Engineering students at Smart India Hackathon design a bot to ease ICU nurses' work

'Nurse Joy’ made by Team Whack1 from Bharati Vidyapeeth’s College of Engineering helps reduce the burden on ICU nurses by aiding them in their day-to-day duties.

Oft sidelined yet always ready with a helping hand, nurses are mostly overlooked in the larger scheme of care giving. A few college students from Delhi decided to give these hardworking and dedicated doctors' assistants some assistance of their own. They developed a bot that assists nurses in a patient’s critical care in ICUs at the Smart India Hackathon 2019-hardware edition. For this, they won a cash prize of Rs 1 lakh.

Team Whack1 from Bharati Vidyapeeth’s College of Engineering, Delhi developed a bot called Nurse Joy at the hackathon held at SRM Chennai.

Team whack1

Nurse Joy combines the mind of a nurse, and the manpower and might of a bot. The bot mimics every action made by the nurse. The nurse has to wear a jacket, which has a kill switch that allows the nurse to control the bot, and also aid her in holding a patient in a particular position.

It is fitted with cameras trained on a pose-estimation model, which detects different joints, and accordingly adjusts to lift the patient. It is also trained to reduce sudden jerky movements which can harm a patient.

The product also has an Android application that allows the nurse to easily move the bot via a joystick. The application also has a QR code scanner that helps the nurse in inventory management. Nurse Joy was designed to give the overworked nurse full assistance, so she can devote complete attention to her ICU patients.

How the nurse became bot

The product was developed by six engineering students - Abhay Sheel Anand (21) (who was the team leader), Shivansh Garg (20), Ujjwal Aggarwal (19), Shivam Grover (20), Surbhi Kumari (19) and Kshitij Sidana (19).

“The idea of controlling a bot has always been a dream for every member in the team. The original idea was to use potentiometers to get information on every finger movement. As we investigated the problem statements, an idea struck – we could control the bot’s arm. After thorough discussions, we modified it from potentiometers to using IMUs (inertial measurement unit) for precision, which also provided us control of the bot’s upper body, through someone wearing a jacket,” says team leader Abhay.

To understand what it takes to be a nurse in an ICU, the team visited Indraprastha Apollo Hospitals, and interviewed the head nurse. They realised that nurses face many challenges daily. Burdened with innumerable duties, they have little time to take care of critically ill patients. Lifting a patient who is either unconscious or heavy (it sometimes takes up to three individuals to lift a patient) can sap a nurse’s energy. As the ICU has many invalid patients, a nurse has a slew of tasks, and forgetting even one can be life threatening.  The bot thus serves the purpose of an assistant to help lift patients, move them, etc.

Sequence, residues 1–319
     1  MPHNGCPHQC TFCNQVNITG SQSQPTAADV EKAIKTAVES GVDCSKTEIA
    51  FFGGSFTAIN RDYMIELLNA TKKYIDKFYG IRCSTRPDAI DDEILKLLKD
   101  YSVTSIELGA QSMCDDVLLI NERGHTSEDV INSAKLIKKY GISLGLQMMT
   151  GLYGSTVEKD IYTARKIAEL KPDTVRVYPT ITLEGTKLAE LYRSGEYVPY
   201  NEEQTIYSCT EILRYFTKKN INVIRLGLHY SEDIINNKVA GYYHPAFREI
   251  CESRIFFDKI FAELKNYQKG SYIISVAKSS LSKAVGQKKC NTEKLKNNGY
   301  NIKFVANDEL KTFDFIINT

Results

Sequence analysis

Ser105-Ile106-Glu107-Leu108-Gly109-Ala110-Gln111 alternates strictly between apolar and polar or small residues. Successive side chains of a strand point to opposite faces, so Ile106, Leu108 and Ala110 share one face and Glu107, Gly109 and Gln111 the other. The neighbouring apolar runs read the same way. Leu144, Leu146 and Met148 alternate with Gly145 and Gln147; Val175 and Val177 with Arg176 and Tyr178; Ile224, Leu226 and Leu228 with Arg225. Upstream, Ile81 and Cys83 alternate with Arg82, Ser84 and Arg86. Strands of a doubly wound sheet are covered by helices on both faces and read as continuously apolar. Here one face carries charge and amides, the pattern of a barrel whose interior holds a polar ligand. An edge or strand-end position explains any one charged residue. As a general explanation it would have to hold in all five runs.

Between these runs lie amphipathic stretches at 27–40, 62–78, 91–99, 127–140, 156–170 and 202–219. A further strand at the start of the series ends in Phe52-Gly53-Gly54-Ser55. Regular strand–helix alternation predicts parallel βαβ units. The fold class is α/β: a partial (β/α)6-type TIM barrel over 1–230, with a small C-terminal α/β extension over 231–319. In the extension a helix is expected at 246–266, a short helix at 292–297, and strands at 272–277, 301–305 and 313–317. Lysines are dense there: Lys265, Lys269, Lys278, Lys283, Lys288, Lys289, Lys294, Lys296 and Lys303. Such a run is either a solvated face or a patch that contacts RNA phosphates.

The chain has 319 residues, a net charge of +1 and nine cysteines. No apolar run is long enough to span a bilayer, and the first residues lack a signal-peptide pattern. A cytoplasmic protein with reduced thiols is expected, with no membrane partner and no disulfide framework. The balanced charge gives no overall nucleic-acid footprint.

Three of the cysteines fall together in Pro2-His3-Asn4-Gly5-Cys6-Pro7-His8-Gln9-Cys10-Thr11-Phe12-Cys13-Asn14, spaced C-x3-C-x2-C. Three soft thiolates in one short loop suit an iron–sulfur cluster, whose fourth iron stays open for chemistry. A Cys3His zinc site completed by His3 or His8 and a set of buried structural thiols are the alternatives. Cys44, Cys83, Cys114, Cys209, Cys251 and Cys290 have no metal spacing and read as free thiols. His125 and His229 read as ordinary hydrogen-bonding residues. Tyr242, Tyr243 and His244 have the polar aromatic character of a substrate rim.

The bot that cares

Nurse Joy aims to reduce a nurse’s stress, and tasks. It not only helps in assisting a nurse in day-to-day patient duties, but also helps in inventory management, providing safety features like creating alerts if a catheter, IV or any other equipment on the patient is not functioning properly or removed. The bot can also be used to train nurses and doctors. 

Abhay says,

“Currently, the bots in the ICU are just machines and not humanised. The USP of our bot is that it is not only a low-cost humanoid, it can also mimic each and every human action precisely, via controls on a jacket. We believe that Nurse Joy can be deployed in every hospital for nurses to function without any external assistance or manpower.”

There were numerous challenges while building the bot. The first was thinking of a seamless design which can perform human movements with ease. Deciding on the right lightweight material, finding the correct dataset for the pose-estimation model, integration of the Android application with the bot – there were many hurdles along the way. Whack1’s biggest challenge was working on the wireless communication of IMUs with a bot using Pi to Pi communication.

“While developing the product, we realised that though the product was quite efficient, for deployment in hospitals many factors had to be faultless. In hospitals where lives are at stake, research and development on some aspects of the product are still required. After that, we can launch the product in the market,” explains Abhay. 

The team plans to develop the product further, test and fix the kinks in a real hospital ICU situation, and take the bot into the market. The team hasn’t planned any pricing at the moment. They will launch it in the market only after the modification.

(Edited by Suruchi Kapur-Gomes)


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